Can you imagine that all the plastics that’s ever made still exists? Meaning the very first plastic ever made is still not decomposed.
Plastics have become a serious threat to us, our health, and this once a beautiful planet we live in.
People all around the globe are taking some major steps in order to recycle the plastics as well as coming out with better alternatives to polystyrene.
But how successful have we become?
Let’s take a look at two countries in particular and the ways they recycle plastics and plastic bottles. Germany and India.
Both of these countries do a lot of recycling of plastic bottles.
But what makes their techniques and outcome so different?
Let’s take a look at Germany.
With 82 million people, Germany is the most populated member state of the EU.
And with a population like this, it is obvious that they use plastics in an excessive matter.
But in Germany, bringing empty bottles back to the store you bought it from is a thing to be proud of. In fact, it is a way of life.
Well, thanks to its unique deposit system called Pfand, the recycling business has boomed in the country.
What is Pfand?
Pfand is a healthy and unique system that encourages locals to recycle plastic bottles they purchase from any store.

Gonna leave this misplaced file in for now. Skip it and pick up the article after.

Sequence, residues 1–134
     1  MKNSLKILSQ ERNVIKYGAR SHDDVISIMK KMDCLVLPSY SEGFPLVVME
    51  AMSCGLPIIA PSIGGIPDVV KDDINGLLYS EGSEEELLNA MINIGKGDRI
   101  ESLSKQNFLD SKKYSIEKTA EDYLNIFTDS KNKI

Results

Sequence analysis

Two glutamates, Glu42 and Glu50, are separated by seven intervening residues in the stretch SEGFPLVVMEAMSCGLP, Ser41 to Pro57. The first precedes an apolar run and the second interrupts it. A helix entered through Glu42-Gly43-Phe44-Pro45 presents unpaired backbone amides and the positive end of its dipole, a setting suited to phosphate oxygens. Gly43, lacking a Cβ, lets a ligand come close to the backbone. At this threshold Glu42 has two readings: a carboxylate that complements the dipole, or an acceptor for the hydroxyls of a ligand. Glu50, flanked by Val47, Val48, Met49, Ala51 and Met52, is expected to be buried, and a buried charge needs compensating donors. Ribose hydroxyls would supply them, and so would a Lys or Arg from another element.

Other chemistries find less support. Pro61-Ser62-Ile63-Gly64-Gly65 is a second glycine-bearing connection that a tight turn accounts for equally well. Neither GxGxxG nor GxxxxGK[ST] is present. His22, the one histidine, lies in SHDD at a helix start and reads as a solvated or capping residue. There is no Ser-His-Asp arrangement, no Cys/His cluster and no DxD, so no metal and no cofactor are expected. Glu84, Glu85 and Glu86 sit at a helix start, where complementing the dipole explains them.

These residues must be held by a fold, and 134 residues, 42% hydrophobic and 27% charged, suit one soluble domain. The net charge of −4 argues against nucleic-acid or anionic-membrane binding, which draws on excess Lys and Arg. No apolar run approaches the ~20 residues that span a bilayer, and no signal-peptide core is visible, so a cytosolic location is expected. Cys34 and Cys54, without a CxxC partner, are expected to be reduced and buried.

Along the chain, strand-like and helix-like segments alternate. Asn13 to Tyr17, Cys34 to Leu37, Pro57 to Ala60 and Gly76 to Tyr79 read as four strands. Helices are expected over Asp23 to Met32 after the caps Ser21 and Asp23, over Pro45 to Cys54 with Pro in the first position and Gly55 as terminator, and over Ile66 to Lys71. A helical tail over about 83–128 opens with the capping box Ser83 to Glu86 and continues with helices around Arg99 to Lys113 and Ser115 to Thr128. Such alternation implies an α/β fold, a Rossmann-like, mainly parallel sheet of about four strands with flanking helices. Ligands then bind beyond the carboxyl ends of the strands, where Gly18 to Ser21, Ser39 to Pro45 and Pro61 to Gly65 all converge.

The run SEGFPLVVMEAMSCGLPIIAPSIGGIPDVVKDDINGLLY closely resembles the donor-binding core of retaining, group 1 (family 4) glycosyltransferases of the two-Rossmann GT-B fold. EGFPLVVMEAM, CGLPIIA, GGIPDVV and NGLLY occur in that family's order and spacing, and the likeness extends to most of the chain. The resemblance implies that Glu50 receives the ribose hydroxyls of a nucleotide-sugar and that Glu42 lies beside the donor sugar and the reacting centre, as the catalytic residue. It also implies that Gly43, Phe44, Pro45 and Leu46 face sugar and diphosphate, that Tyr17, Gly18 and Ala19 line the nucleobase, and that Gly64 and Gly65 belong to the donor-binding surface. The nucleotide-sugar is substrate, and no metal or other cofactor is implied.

How does it work you ask?
Well, whenever you purchase a drink or any plastic bottle from a store, you need to pay a deposit between 9-31 cents per bottle.
In order to redeem your deposit, you must return the bottles you’ve purchased to the store, in a good state.
Since the bottles won’t be of any use to you, why not earn some money doing something good and helping out the environment?
The collection rate in Germany for all the containers correctly returned to the store is 90%.
And out of 90, 71% of all the packaging waste is recycled.
This is how the people of Germany is working in order to make the world a better place.
What about India?
India also falls under countries that recycle the plastic bottles.
The country recycles 90% of the plastic it produces for bottles and containers.
But unlike Germany, the informal economy are the ones that recycle plastic in India.
The main collectors of the recyclable wastes are the dirt-poor pickers and resellers. They collect the waste and send it to the official recycling centers.
These people work at the bottom of the economic ladder with a great risk to their health.
And for such a vital service to the society, they perform the task in an awfully inadequate income.
So when we look at Germany, we see that the government and businessmen themselves are encouraging the locals to recycle by providing them money.
However, in India, on one hand, the government has done little to nothing to encourage the locals to recycle the plastic and bottles.
And on the other hand, they’re actually manipulating the workers who risk their health in order to recycle. And also treat them like third-class citizens and pay them as less as possible, when they’re the ones that are actually making a difference in the society and the planet.